The Telegraph
Thursday , January 12 , 2017

IT order sinks payoffs case

New Delhi, Jan. 11: The Supreme Court today refused to direct an investigation into the alleged payoffs to Narendra Modi by two corporate houses, accepting the Income Tax Settlement Commission order of November 11, 2016, that there was no material for prosecution against the Sahara Group.

"Courts have to be on guard while ordering investigation against important constitutional functionaries. In the absence of some cogent material, the documents on the basis of which investigation is sought is itself inadmissible as evidence," a bench of Justices Arun Misra and Amitav Roy said.

"In such case, the process of law can be abused very easily to achieve ulterior motive goals and no democracy can survive in case investigations are set in motion on the basis of flimsy (material) without there being any cogent material or resources."

The court was hearing a PIL filed by activist-lawyer Prashant Bhushan seeking an SIT probe into the alleged payoffs made to Modi, while he was Gujarat chief minister, and several political functionaries by the Aditya Birla Group and the Sahara Group.

The details of the alleged payoffs were reportedly found in the computers of top company executives during CBI and income-tax raids in 2013 and 2014.

Bhushan assailed the Income Tax Settlement Commission order, claiming it had ignored incriminating material seized during the raids.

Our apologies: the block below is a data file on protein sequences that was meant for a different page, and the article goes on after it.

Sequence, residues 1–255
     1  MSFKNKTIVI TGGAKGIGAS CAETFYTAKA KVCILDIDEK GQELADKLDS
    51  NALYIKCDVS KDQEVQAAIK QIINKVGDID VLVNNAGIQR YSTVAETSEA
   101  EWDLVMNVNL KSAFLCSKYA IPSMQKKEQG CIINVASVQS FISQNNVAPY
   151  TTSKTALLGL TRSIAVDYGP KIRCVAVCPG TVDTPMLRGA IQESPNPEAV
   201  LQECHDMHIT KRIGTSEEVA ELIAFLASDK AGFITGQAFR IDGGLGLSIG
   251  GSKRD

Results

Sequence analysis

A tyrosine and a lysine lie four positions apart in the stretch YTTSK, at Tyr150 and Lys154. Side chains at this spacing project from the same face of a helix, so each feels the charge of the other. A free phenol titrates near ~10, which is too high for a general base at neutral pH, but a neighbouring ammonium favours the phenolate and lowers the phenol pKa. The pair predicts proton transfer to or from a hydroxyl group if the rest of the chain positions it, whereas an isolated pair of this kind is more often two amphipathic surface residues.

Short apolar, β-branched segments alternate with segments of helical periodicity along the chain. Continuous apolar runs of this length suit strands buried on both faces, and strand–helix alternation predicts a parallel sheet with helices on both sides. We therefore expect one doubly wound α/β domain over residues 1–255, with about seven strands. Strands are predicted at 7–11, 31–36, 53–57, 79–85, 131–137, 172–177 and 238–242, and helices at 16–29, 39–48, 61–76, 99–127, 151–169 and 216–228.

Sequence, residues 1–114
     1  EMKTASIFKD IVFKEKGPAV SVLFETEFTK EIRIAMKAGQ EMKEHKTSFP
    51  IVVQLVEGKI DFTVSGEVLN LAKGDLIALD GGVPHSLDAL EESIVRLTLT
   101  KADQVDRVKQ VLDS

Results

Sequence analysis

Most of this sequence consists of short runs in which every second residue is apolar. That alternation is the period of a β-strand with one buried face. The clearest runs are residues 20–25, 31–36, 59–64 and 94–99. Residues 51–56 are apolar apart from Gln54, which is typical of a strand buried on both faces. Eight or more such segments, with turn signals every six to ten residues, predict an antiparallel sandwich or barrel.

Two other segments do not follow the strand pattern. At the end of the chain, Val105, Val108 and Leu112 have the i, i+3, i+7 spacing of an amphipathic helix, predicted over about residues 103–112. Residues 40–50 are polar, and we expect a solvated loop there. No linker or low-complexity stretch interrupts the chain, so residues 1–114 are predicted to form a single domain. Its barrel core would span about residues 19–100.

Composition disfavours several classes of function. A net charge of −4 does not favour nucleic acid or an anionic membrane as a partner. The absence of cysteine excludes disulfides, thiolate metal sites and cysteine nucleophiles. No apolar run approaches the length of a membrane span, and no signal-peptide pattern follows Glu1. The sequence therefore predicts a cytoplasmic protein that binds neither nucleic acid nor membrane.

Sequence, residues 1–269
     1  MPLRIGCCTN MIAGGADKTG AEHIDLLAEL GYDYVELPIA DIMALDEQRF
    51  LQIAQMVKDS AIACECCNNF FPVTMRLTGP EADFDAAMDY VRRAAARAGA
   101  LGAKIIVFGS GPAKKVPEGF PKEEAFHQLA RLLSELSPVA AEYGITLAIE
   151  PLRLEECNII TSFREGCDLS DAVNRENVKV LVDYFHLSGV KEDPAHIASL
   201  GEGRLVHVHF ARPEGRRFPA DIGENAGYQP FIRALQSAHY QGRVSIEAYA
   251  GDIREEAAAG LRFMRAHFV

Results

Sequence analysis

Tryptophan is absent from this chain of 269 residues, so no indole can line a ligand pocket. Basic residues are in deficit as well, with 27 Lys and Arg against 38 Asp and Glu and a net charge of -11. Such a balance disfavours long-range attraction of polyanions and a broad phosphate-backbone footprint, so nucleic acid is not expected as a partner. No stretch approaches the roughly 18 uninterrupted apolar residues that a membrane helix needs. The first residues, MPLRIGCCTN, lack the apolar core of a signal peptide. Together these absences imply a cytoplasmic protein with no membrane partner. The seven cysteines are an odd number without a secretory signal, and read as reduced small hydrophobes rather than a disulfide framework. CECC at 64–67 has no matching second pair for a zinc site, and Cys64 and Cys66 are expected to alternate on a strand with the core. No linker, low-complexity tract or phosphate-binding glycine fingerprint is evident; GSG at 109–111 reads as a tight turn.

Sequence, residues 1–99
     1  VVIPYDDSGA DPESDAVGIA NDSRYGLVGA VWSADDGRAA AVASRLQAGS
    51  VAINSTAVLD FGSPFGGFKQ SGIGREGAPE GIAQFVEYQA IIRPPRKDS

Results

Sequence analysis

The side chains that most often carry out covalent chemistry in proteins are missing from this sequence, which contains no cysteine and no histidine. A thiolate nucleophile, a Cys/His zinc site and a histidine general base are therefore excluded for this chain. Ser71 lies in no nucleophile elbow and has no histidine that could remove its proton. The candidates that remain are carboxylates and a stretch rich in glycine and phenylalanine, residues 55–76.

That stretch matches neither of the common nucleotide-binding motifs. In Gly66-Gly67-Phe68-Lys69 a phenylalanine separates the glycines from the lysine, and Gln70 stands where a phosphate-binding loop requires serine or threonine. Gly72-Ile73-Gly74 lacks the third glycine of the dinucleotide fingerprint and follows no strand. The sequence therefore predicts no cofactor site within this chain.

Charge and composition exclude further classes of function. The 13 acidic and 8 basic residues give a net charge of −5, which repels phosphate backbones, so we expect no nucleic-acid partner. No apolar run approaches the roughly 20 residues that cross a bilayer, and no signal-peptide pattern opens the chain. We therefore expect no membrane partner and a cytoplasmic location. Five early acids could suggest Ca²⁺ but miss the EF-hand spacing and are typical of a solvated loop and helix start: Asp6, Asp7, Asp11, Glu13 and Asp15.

But attorney-general Mukul Rohatgi cited apex court judgments to argue that no probe could be ordered on mere "loose papers" and irrelevant material.

Rohatgi submitted that in terms of Section 34 of the Indian Evidence Act, entries made in books of account, even if in electronic form, were alone not sufficient evidence to charge any person with liability.

The court said that in the case of Sahara, the PIL had mostly relied on entries made in Excel sheets seized from the company's premises that were not part of the books of accounts.

At one point, Justice Roy wondered whether a document seized from an employee's personal computer could be linked to the company's documents.

The apex court, after hearing elaborate arguments, said: "We are of the considered opinion no case is made out on basis of Sahara/Birla documents to direct investigation against any person.

"Materials placed are not good enough to direct investigation or registration of case.... The applications are meritless and dismissed," Justice Misra said.

In a statement later, Bhushan said the apex court's refusal to order a probe against political bigwigs was "very unfortunate and is a setback to the whole campaign against corruption and for probity in public life.

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